Athletes at the helm: Morenos, Cruz, and Stephenson on the transition from athletes to leaders
Originally published in The HERALDO FILIPINO Volume 36 Issue 1.
Another challenge arises for many student athletes amid academic responsibilities and the unprecedented shift of learning as they find themselves to be deprived of the games they get by. For some feisty players who spent most of their student life inside the court, embracing the odds would be a tall order.
However, the pandemic did not stop some athletes from staying true to the Lasallian mantra by taking on new roles to carry on their purpose in serving the community — student athletes who translated their love for sports to governance, in hopes of leading their fellow students and going through the motions.
Among them are University Student Government (USG) Vice President Reine Cruz, USG Sports and Recreation Secretary Lean James Morenos, and SINAG Vice President Dexter Stephenson, who pierced through the shift by exploring, embracing, and balancing the changes itself – all while holding on to their experiences up to the helm as Lasallian student leaders.
Reine Cruz: Navigating through the changes
For as long as he can remember, Cruz has always been athletic before becoming a beach volleyball player and the proactive vice president of the USG. He was hooked at first with martial arts, tying the karate belt at such a young age. But an injury from the fisticuff sport had pushed him to explore other fields, and eventually discovered volleyball in the process.
As a student athlete, Cruz was trained with the mindset of working hard to achieve one’s goal, or what he dubs as his “never give up” attitude. He emphasized that even amid the hardships and obstacles, giving up should not be in anyone’s vocabulary.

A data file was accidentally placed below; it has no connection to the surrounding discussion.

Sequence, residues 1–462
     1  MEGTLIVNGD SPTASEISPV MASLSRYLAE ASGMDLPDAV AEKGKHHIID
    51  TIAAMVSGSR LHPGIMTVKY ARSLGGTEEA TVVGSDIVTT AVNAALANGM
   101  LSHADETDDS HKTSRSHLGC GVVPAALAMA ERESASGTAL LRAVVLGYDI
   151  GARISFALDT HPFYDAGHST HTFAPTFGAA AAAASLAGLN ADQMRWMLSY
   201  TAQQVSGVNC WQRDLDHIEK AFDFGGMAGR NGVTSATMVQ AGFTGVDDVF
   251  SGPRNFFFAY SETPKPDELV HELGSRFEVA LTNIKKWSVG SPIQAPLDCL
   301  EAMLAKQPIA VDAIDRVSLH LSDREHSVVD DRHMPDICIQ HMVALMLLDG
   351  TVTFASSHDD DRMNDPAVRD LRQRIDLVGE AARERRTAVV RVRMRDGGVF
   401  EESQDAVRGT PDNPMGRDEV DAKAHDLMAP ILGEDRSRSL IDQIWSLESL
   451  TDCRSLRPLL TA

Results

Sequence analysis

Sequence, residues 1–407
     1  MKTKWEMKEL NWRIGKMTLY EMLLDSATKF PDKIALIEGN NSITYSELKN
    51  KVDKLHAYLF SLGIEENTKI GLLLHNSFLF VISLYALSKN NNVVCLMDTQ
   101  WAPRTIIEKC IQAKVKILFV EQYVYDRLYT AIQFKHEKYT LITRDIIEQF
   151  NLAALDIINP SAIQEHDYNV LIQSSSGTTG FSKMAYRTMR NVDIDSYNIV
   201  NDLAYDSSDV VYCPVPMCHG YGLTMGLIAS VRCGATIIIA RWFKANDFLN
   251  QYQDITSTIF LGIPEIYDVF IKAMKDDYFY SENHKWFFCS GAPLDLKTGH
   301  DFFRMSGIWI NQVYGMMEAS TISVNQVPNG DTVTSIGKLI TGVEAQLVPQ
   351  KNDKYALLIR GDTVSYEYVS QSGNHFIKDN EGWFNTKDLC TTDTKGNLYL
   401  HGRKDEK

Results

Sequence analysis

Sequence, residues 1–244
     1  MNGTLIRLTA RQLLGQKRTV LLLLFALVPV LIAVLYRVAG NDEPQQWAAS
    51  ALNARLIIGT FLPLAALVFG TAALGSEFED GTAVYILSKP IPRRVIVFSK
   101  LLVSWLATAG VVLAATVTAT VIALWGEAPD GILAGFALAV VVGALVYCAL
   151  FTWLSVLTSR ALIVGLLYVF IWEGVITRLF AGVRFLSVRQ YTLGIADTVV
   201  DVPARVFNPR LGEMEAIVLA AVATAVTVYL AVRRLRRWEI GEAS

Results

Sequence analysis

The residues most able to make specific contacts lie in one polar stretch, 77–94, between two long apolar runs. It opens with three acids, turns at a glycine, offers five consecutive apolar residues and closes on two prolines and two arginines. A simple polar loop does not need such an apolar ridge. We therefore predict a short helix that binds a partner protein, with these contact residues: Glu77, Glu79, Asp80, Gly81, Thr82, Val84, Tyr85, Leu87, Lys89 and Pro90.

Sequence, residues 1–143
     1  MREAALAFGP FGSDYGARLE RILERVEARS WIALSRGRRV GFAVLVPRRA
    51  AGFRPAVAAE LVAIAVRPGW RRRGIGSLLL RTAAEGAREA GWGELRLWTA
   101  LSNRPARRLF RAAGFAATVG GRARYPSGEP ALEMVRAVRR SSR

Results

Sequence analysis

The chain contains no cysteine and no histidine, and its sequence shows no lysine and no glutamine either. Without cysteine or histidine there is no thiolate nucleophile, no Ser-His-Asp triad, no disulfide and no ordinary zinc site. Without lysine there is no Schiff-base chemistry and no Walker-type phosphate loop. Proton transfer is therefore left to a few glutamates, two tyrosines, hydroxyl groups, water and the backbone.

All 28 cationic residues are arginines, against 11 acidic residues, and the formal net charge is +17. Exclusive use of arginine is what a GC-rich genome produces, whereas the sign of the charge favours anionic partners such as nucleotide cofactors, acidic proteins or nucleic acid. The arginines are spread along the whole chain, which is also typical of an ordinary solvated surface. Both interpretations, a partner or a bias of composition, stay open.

“Sa paghihirap na ‘yon, dapat habang nahihirapan ka, hindi magiging option ‘yong pagsuko. Kasi ‘pag sumuko kami, hindi namin ma-a-achieve ‘yong gusto namin,” he said.
Besides having years of sports under his back pocket, Cruz is not anymore a newbie on being a student leader, shooting leadership experiences as the governor of the College of Education Student Government (COEDSG) during the academic year (AY) 2020-2021.
While he stated that he may not be one of those starters on the court, his leadership and athletic stints led him to cultivate the value of hard work that became his guiding principle in going through the changes.
Meanwhile, the now USG vice president also shared that never giving up plays into situations when there are daunting challenges along the way, like how he weathered the unexpected shift to the online setup amid the pandemic.
“Tinatak ko sa isipan ko na challenge lang ‘to sa pagiging student leader. Iba lang ‘yong nagiging platform pero student leader pa rin… kahit sobrang hirap na sa part ko, ang hirap sa academics, ang hirap kasi working din ako, ang hirap pagsabay-sabayin pero sabi ko, magiging worth it ‘yong mga pagsubok, ‘yong mga paghihirap sa setup sa pagiging student leader,” he stated.
Lean James Morenos: Embracing the odds
Flipping through different sports fields, Lean James Morenos’ journey as an athlete is not only confined to the wide game of basketball. His sporty beginnings found its debut at the netted sport of badminton before braving the hoop court in his teenage years.